If you think Congress is going to help you on the tax front this year, think again:

Congress gets good at being bad - Jake Sherman, Andrew Desiderio and John Bresnahan, Punchbowl News ($):

There’s one week left until the House and Senate are scheduled to recess for the year, and the list of legislative items left undone, half done or in limbo is unusually long — and incredibly consequential…

There are huge issues at stake: Ukraine, Israel, Taiwan, border security, government funding, FISA, FAA. It’s just that party leaders and the White House can’t seem to agree on anything, so little gets done.

Notice that passing a year-end tax bill does not even make the list for legislative priorities that will likely go undone this year.

This week’s Recap:

Will congressional leaders hear these calls and pass a year-end tax bill? Senate Republican Whip John Thune (R-SD) suggested this week that leadership has yet to hear them.

In an interview with Punchbowl News, Thune was asked about the prospects for passing a year-end tax package. The Senator kind of shook his head and shrugged his shoulders before offering a grim outlook for advancing such a bill.

“There is some talk around it. House, the Ways and Means Committee is looking at it and there are discussions in the Senate,” Thune said.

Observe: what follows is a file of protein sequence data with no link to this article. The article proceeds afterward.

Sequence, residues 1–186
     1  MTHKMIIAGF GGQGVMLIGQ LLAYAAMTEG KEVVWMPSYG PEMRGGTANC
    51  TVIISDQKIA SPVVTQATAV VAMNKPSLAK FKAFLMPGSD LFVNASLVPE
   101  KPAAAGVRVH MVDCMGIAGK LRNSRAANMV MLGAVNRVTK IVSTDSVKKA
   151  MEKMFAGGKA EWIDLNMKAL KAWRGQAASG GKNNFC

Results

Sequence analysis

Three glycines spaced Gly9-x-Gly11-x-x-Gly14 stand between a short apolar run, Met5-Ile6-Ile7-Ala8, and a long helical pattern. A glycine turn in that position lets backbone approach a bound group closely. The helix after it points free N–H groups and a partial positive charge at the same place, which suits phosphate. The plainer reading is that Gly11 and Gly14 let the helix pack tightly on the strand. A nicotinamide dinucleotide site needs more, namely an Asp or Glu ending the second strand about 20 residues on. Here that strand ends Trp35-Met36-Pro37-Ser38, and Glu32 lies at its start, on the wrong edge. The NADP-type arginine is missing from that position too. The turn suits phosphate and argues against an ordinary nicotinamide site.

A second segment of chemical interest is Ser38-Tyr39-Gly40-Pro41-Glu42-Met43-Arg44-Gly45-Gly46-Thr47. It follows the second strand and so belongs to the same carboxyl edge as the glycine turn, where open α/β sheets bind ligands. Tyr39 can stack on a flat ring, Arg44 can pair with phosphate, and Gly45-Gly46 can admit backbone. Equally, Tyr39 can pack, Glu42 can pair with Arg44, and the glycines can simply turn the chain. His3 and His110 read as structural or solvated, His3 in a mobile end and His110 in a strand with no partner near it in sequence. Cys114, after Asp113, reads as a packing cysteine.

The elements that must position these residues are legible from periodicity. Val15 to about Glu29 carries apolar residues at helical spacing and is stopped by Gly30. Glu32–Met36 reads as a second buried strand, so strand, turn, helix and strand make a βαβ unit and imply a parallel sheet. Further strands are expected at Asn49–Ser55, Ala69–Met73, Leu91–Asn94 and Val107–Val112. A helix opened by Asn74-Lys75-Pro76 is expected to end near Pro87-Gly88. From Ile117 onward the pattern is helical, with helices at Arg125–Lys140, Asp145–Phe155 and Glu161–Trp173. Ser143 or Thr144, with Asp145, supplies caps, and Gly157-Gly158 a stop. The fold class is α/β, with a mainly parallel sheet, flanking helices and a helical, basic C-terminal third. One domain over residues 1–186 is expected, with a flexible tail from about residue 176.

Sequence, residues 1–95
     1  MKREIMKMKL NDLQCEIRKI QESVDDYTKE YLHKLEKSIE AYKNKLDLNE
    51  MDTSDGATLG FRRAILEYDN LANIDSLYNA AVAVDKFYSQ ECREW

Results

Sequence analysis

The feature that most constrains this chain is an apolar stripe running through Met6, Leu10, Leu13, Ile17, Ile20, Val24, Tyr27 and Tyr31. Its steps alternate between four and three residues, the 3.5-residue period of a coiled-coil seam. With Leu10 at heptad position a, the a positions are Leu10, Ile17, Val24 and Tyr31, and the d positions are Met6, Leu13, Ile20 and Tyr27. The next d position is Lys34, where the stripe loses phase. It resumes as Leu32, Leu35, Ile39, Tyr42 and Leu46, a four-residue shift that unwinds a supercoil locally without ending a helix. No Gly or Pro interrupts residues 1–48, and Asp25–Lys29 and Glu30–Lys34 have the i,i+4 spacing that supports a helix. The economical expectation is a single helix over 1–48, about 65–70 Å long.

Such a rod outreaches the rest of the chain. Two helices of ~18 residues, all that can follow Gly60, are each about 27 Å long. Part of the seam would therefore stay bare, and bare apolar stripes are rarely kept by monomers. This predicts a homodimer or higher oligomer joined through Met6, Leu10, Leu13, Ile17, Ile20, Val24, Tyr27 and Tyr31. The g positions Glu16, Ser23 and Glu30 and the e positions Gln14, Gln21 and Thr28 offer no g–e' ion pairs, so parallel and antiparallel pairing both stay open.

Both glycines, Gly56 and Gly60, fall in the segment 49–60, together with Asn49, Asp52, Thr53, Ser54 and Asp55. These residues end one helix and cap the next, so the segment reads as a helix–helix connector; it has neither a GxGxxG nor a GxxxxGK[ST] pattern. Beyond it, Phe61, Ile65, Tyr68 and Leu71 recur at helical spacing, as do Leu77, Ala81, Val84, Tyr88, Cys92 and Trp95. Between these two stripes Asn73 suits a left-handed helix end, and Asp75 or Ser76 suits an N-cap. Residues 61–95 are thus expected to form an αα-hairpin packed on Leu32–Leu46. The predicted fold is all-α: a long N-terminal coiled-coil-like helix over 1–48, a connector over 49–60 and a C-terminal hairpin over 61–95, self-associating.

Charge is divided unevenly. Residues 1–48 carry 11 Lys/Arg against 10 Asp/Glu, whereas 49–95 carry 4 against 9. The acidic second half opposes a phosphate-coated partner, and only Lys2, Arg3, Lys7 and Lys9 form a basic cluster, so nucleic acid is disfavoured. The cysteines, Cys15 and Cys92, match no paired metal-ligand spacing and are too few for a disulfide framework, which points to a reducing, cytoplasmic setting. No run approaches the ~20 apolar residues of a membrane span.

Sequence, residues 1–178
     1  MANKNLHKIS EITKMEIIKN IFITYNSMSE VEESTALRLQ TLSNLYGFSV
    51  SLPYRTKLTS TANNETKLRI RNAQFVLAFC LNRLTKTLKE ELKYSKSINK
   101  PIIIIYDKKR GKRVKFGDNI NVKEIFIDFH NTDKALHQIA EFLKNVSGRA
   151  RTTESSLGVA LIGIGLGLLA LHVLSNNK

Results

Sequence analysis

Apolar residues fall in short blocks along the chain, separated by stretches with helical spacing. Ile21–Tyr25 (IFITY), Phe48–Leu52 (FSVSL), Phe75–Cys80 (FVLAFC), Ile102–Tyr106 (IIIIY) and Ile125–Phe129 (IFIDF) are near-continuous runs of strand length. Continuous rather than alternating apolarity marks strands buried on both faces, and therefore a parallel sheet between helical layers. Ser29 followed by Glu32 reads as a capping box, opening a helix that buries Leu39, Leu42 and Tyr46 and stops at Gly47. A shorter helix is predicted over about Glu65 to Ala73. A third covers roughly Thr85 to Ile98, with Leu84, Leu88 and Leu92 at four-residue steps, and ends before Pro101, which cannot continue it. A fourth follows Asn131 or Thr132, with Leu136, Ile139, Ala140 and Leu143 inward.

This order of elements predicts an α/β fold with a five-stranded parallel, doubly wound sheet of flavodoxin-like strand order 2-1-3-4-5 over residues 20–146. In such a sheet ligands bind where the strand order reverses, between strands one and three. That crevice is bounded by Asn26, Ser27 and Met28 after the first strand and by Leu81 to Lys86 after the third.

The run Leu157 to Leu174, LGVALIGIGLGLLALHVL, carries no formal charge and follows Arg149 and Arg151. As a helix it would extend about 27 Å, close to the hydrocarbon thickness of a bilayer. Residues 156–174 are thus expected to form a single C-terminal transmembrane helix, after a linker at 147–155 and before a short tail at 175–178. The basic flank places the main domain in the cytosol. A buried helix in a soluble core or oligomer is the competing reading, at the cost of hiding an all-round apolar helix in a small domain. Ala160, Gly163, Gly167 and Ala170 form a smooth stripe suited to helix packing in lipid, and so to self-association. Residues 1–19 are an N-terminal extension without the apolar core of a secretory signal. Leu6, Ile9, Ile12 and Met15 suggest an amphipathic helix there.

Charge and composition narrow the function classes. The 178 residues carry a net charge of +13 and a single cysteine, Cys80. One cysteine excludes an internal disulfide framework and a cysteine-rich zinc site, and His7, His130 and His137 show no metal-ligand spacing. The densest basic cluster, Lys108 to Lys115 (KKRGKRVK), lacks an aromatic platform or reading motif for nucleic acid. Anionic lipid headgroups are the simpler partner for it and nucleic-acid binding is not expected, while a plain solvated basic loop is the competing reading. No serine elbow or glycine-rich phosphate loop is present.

Lawmakers Talk Out Tax Package Parameters - Naomi Jagoda, Bloomberg ($):

Lawmakers say discussions are ongoing about the framework of a potential bipartisan tax package pairing a trio of business tax breaks with an expanded child tax credit, though details on a final pact remain elusive.

With the most likely vehicles that lawmakers could attach any package to slipping into next year—the current funding extensions that begin to expire in-mid January—the two-year extenders saga still has a ways to go before it reaches any conclusion.

That being said, never say never. Congress has a knack for surprising folks by passing legislation when it is least expected. And some lawmakers are giving it the ole’ college try to pass a tax bill before heading home.

Republican Taxwriters Push for Expired TCJA Tax Provision Work – Cady Stanton, Tax Notes ($). “The window may be closing on tax package opportunities for the year, but House Ways and Means Republicans are still trying to push their leadership to act on a legislative fix for expired business tax provisions... The door has nearly closed on an end-of-year tax package, with no clear vehicles to attach tax legislation to by the end of December."